ECONOMY

Out-of-court streamlining

Troubled companies will not need judicial approval for their debt restructuring blueprints

out-of-court-streamlining

Since last Monday the process of streamlining troubled companies has been taken out of the courtroom, in the context of the new bankruptcy law.

The new legislation provides for the agreement on a restructuring plan for a company’s streamlining between the enterprise and its creditors to be agreed online following a proposal by the expert who undertakes the drafting of the plan. Therefore the role of the courts will be restricted to the ratification of the agreement, unlike what the previous law had provided for, with the involvement of justice in the actual streamlining process.

That procedure constitutes the pre-bankruptcy process aimed at the settlement of debts and the avoidance of having to liquidate a company or the property of a bankrupt individual. The condition for such a plan is that it does not harm the net position of the creditors – i.e. the banks and the suppliers who should not collect any less than what they would have in the case of the debtor’s bankruptcy and property liquidation.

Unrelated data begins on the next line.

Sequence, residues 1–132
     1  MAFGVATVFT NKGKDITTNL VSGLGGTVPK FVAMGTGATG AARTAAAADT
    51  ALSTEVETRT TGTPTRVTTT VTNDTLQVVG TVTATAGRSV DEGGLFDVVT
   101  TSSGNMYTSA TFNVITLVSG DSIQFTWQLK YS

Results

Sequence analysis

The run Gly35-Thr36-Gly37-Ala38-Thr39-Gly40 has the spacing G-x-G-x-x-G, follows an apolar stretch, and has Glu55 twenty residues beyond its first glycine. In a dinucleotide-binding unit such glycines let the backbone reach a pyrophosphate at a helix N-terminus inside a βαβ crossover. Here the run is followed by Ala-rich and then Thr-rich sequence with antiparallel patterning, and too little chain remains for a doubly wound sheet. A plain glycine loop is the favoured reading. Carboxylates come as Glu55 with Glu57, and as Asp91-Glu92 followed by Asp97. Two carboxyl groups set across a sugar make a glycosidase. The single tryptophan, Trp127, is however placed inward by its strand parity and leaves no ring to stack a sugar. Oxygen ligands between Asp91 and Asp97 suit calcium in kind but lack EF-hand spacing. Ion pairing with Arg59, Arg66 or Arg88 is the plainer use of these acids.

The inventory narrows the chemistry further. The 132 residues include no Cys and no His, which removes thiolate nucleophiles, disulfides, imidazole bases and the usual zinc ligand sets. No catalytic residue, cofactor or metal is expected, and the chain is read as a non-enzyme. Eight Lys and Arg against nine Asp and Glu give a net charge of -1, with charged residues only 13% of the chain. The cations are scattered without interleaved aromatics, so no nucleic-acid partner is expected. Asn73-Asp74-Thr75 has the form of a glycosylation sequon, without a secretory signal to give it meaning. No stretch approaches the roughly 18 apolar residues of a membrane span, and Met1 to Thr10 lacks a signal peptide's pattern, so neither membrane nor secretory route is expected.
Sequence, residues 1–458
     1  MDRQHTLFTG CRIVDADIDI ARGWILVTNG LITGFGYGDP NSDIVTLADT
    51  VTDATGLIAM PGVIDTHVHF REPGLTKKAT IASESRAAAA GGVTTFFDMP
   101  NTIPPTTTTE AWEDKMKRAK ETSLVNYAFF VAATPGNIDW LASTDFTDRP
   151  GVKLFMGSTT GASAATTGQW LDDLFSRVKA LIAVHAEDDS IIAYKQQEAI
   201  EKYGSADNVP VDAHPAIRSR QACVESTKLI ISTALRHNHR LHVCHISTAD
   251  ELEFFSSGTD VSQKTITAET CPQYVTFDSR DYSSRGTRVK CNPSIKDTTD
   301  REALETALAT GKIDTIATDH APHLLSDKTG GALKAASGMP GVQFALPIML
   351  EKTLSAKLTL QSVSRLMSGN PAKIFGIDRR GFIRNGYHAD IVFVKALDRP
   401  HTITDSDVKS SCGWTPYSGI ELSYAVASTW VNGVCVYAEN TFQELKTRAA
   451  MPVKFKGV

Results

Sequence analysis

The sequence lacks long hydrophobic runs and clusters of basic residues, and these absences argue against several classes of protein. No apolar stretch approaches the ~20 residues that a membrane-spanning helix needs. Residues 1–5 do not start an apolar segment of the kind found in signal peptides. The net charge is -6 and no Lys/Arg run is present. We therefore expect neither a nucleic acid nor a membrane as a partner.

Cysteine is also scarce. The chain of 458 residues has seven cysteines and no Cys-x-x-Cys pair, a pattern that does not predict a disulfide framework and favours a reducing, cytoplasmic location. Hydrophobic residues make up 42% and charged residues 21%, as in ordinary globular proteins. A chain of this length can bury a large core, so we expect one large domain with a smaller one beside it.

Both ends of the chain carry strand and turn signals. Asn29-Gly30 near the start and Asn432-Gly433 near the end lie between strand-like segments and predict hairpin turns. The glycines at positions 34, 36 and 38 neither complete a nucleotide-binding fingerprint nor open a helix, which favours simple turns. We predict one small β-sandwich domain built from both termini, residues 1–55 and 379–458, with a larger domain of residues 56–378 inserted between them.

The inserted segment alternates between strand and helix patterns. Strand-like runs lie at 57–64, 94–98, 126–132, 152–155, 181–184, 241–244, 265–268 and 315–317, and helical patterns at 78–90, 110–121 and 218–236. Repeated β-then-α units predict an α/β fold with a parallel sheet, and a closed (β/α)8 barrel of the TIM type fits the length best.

The streamlining process for enterprises and entrepreneurs has specific steps, starting with the drafting of a report by an expert and a draft debt restructuring agreement. The creditors must then assess the report and approve the restructuring blueprint. The agreement will need court ratification.

The online platform for the streamlining process will become accessible from April 15 via the website of the Special Secretariat for Private Debt Management and that of the government (www.gov.gr).

The Finance Ministry announced that all certified experts will be available for the process through the Secretariat’s special register of debt restructuring experts for debtors to select their preferred expert at the beginning of the streamlining procedure. This register started operating on February 15 and can accommodate individuals or firms with specialized financial experience in debt restructuring, including economists, accountants and tax experts.